MUSICSCAN: Sound of equipment that suited musicians so well in those days.

In the preceding two articles in this column (April 9 and 23), while finding fault with the overall quality of amplified sound in Carnatic music circles, I had mentioned the intriguing fact that the public address system and the audio channels even in the most modern airliners seem to be universally unsatisfactory. This is not a casual impression arising in the course of some occasional flights, but a consistent one obtained by me over a period of 40 years of frequent flying within India and abroad.

It's an extremely surprising phenomenon, because the quality of amplification of sound within small enclosed spaces had constantly become better and more sophisticated during the past century, in keeping with the never-ending progress of technology. But what is even more surprising is the fact that the quality of amplification of sound in large enclosed spaces such as concert halls -- as well as out-door settings -- seems be getting worse and worse, almost in inverse proportion to technological progress. This impression, again, is not a casual one, but has been obtained by me cumulatively over the past several decades. In fact, even lecture halls and conference rooms in scientific organisations don't seem to be exceptions to this perverse trend. Our devoted Sabhas and other earnest organisers of Carnatic music, who seem to find it so frustratingly difficult to cope with the persistent problem of imperfect sound, can perhaps find some consolation in the fact that they're in the good company of the scientific community itself!

Let me cite a specifc case, to stress this point. In the mid-1980s I happened to be working as Financial Adviser in the Council of Scientific and Industrial Research (CSIR) in New Delhi, which had a network of 40 laboratories and institutes spread all over India. I took part in many meetings, seminars and conferences in the CSIR set-up as well as in allied scientific circles; and almost invariably I found the audio systems quite unsatisfactory. And not even my occasional jokes about withholding vital funds could make my eminent scientist-colleagues come to terms with the problem, whatever it was! Even where they tried to upgrade the high technology, the situation hardy ever improved.

Ancient models

Just compare with this the ancient models of powerful loudspeakers, shaped like a bell or a horn, which were the standard equipment used in out-door locations as well as in large enclosed spaces such as concert or wedding halls. They used to amplify the sound of speech or music a hundredfold without any distortions! It's only when advanced models of powerful loudspeakers began to be encased in huge box-like containers that the deterioration also began to materialise in our concert halls and even in out-door venues.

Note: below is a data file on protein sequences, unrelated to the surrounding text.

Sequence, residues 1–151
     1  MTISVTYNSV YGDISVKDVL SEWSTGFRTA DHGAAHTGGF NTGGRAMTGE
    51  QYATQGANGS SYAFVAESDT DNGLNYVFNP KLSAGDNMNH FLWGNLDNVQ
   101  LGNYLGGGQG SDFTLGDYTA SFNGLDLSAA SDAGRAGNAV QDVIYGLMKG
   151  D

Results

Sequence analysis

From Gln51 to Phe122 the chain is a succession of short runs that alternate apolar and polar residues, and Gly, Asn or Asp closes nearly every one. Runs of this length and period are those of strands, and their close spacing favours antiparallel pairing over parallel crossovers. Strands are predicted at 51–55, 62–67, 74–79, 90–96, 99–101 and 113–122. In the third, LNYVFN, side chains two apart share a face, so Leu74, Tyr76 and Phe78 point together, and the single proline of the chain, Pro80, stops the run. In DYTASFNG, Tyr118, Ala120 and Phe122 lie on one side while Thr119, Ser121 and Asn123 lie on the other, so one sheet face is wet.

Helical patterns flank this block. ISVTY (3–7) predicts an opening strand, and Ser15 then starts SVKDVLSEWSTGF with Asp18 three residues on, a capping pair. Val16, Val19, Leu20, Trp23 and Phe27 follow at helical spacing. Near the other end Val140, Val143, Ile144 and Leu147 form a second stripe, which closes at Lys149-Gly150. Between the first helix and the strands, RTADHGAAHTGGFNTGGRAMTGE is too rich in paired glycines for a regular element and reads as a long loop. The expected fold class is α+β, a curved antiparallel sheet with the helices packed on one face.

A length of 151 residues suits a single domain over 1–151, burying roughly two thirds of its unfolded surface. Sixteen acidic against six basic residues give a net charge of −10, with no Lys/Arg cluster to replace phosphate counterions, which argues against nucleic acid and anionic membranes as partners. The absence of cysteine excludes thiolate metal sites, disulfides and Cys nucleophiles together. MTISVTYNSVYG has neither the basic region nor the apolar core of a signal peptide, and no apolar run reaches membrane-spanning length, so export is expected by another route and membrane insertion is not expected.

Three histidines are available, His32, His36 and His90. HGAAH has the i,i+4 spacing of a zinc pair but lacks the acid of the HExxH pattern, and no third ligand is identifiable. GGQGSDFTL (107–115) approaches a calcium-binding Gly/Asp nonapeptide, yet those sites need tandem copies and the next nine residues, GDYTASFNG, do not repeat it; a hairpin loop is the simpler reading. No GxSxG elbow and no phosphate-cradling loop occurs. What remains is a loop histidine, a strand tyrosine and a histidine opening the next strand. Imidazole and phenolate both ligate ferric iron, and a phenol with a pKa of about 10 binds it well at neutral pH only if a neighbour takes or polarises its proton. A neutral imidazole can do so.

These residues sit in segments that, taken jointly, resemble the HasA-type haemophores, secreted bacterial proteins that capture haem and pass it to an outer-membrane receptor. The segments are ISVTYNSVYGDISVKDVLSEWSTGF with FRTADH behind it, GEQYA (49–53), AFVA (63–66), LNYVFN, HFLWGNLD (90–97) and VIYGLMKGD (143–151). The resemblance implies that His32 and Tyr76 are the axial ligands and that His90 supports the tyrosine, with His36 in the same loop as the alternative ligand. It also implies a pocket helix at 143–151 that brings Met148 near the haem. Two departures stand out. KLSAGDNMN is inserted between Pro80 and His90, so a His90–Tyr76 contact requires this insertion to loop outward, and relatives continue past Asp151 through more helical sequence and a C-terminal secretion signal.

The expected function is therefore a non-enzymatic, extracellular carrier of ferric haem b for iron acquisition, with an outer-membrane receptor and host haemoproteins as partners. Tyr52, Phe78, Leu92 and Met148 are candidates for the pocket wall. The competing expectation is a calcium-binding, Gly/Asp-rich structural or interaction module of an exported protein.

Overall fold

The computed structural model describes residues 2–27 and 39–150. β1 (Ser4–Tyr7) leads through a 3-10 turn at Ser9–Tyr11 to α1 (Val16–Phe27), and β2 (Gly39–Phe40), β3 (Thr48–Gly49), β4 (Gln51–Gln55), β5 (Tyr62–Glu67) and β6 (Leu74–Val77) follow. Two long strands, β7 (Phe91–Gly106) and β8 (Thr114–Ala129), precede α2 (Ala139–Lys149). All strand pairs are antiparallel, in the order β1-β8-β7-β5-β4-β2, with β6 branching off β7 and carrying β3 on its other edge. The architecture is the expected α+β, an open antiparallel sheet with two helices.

Probably one of the main reasons for this has been the mis-matching of specific items of sophisticated equipment and the actual settings and conditions in which they are used. But even so, one can't help wishing that our Sabhas would look back to the much better sound we used to hear in the good old days, and bring those good old 'horn' speakers back in our concert halls! After all, what exactly is the degree of sophistication and refinement we actually need in the case of Carnatic music? Obviously not as high as required in the case of a western symphony orchestra!

Traditionally Carnatic music has never been heard in pin-drop silence, since earnest rasikas are a gregarious lot. A certain amount of ambient and surrounding noise has always been an inherent and inevitable feature of any performance in our temples or even concert halls; and it only adds to the authentic quality of the music. So far as Carnatic music is concerned, what we mean by 'high quality of amplified sound' is only that there should be no jarring distortions, that's all! It doesn't mean that there should be perfection and super-sophistication in the process of amplifying the sound.

Given this basic fact, why de we have to wrestle so ineffectively with user-unfriendly high-tech products? Why not just restore the low-tech equipment which seemed to suit our needs much better? But, of course, that may not be a practical idea, because such old-world equipment may just not be available today. And there are several other relevant factors also. So let us analyse the precise reasons for the jarring distortions, and try to find some useful answers!

(To be continued)

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